Does your company do business in Nigeria or any other country perceived as a high risk for corruption? Does your company work with “consultancy agreements” to acquire or maintain business in these countries? Compliance professionals know the challenges of helping to ensure that a corporation and all its officers, salespersons, staff and consultants stay on the right side of the law and, specifically, the Foreign Corrupt Practices Act.
The Department of Justice (DoJ) strengthened our toolbox when they announced another chapter in enforcement actions that stemmed from business conducted by Willbros International Inc. (Willbros International) and its parent company, Houston-based Willbros Group Inc. (Willbros), that has been ongoing for the last several years. Last week, Paul G. Novak, a former consultant for Willbros International was sentenced for his role in a conspiracy to pay more than $6 million in bribes to government officials of the Federal Republic of Nigeria and officials from a Nigerian political party. Novak was sentenced to serve 15 months in prison and ordered to pay a $1 million fine and to serve two years of supervised release post-prison. In sentencing Novak, the court took into consideration the assistance Novak provided the government in ongoing investigations – one can imagine how it would be without that cooperation.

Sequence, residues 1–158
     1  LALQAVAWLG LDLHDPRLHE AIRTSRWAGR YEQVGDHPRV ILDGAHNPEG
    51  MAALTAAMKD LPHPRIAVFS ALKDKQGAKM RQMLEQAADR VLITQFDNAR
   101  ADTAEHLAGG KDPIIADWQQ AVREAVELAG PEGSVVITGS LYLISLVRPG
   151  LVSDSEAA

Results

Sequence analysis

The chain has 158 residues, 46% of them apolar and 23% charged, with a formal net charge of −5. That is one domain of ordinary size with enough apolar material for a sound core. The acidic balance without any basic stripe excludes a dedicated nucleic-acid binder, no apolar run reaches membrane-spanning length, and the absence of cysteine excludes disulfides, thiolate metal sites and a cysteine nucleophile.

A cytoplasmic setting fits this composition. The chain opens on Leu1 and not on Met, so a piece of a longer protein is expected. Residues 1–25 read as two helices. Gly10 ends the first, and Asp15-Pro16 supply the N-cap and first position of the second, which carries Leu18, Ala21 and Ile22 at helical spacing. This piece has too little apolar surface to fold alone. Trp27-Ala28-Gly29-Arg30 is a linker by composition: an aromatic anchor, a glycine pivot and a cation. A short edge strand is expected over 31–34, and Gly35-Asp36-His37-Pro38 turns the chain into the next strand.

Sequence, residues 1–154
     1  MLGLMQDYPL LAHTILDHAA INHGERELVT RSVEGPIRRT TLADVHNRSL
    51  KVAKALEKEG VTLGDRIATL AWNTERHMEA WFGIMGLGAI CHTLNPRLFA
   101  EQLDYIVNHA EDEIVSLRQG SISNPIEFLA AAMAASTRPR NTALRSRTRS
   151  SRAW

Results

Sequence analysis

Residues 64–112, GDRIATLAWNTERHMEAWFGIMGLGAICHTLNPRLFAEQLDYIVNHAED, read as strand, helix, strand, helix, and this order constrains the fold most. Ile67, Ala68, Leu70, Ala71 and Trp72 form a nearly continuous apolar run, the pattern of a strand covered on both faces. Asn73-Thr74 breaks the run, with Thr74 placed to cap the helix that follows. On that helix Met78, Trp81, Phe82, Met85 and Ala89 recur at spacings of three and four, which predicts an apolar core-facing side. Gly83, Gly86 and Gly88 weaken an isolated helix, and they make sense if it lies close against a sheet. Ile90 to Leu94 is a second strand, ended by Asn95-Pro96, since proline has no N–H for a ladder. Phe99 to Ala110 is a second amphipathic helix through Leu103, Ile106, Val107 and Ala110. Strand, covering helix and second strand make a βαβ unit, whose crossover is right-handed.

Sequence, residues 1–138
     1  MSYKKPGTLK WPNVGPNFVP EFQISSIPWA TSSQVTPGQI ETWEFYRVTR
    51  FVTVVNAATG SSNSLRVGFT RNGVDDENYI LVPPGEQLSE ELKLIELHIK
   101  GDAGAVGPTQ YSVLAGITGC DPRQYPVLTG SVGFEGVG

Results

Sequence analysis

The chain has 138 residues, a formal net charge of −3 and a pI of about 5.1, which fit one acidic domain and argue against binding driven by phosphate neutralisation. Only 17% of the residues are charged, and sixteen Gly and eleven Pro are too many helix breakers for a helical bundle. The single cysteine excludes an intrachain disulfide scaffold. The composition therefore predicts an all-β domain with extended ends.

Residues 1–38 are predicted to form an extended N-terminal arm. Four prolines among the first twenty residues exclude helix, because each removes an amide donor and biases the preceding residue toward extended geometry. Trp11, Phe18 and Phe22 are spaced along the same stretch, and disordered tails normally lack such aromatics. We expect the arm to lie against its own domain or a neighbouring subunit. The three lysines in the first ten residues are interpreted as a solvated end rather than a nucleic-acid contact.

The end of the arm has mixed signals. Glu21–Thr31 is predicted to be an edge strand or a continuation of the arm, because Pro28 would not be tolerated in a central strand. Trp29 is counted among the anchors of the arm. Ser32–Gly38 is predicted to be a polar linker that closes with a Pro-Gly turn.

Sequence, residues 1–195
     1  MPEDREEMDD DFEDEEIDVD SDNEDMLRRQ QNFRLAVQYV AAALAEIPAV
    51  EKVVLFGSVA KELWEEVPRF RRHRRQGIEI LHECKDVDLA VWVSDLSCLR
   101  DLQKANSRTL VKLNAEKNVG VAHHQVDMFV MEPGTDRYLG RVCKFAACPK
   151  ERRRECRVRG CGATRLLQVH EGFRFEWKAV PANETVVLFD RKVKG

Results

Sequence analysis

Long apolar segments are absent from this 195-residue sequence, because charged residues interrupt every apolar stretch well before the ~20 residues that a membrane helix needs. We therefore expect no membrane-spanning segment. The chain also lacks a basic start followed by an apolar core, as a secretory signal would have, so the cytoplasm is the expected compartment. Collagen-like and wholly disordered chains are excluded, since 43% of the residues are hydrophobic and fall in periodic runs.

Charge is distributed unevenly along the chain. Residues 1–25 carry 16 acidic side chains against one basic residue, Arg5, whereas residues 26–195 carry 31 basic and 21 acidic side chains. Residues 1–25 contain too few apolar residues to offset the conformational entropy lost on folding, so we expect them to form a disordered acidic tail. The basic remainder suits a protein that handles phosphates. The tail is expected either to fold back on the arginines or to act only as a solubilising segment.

I’m a firm believer in “show and tell.” Share this news with your top management team. Share it with the people who acquire, maintain and conduct the business in countries known for corruption concerns (for a list, refer to the Transparency International report). Let them see that they have skin in the game.
According to the DoJ press release, Novak admitted that from approximately late-2003 to March 2005, he conspired with others to make a series of corrupt payments totaling more than $6 million to various Nigerian government officials and officials from a Nigerian political party to assist Willbros and its joint venture partner, a construction company based in Mannheim, Germany, in obtaining and retaining the Eastern Gas Gathering System (EGGS) Project, which was valued at approximately $387 million. The EGGS project was a natural gas pipeline system in the Niger Delta designed to relieve existing pipeline capacity constraints.
According to court records, Novak and his alleged co-conspirators Kenneth Tillery, Jason Steph, Jim Bob Brown, three employees from Willbros’s joint venture partner and others agreed to make the corrupt payments to, among others, government officials from the Nigerian National Petroleum Corporation, the National Petroleum Investment Management Services, a senior official in the executive branch of the federal government of Nigeria, and members of a Nigerian political party. Court documents state the bribes were paid to assist in obtaining and retaining the EGGS contract and additional optional scopes of work.